'Against such a power more is needed than an insignificant force of marines; if we mean to do justice to our design, and not to be kept within our lines by the numbers of their cavalry, we must embark a multitude of infantry. For what if the Sicilians in terror combine1
against us, and we make no friends except the Egestaeans who can furnish us With horsemen capable of opposing theirs? To be driven from the island or to send for reinforcements, because we were wanting in forethought at first, would be disgraceful.
We must take a powerful armament with us from home, in the full knowledge that we are going to a distant land, and that the expedition will be2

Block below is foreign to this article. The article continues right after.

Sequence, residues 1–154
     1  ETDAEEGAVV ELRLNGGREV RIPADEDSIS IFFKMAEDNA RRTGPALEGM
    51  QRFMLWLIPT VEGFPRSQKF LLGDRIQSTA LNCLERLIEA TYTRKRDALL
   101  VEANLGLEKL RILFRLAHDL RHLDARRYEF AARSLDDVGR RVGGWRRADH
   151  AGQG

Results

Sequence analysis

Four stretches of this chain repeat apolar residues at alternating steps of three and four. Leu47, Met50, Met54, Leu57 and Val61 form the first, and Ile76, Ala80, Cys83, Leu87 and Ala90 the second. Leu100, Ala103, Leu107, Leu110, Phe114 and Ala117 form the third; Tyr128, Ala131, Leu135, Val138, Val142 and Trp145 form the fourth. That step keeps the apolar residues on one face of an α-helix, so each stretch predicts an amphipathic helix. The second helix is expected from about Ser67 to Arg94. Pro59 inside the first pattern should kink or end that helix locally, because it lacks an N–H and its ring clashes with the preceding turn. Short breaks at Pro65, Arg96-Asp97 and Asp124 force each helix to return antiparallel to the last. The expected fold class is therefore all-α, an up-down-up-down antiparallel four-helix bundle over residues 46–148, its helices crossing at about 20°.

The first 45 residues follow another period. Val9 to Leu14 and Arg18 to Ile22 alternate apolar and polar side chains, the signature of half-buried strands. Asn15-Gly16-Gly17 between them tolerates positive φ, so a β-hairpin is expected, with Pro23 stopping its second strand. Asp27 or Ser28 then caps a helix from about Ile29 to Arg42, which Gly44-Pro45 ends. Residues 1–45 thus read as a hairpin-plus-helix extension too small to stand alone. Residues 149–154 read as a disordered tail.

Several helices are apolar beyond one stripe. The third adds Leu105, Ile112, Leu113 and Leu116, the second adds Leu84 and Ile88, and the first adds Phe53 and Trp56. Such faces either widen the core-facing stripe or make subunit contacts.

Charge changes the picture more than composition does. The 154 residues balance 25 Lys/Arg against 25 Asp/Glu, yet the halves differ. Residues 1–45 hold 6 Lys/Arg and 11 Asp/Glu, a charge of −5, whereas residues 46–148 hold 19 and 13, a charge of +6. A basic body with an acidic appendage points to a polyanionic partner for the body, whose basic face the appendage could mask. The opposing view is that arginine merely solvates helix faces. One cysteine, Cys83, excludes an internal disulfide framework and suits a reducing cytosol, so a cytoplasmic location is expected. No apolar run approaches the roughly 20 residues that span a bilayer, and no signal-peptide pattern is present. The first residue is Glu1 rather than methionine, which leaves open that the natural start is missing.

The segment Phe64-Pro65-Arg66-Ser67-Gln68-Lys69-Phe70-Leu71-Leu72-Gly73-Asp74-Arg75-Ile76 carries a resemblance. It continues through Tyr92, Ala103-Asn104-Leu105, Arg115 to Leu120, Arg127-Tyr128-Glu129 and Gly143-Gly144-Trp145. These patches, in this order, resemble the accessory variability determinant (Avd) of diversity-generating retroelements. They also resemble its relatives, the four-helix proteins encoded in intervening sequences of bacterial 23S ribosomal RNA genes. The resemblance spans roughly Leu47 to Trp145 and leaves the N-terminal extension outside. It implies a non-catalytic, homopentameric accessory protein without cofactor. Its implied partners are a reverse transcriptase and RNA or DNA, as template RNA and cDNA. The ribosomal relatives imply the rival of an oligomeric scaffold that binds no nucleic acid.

of a kind very different from any which you have hitherto made among your subjects against some enemy in this part of the world, yourselves the allies of others. Here a friendly country is always near, and you can easily obtain supplies. There3
you will be dependent on a country4
which is entirely strange to you, and whence during the four winter months hardly even a message can be sent hither.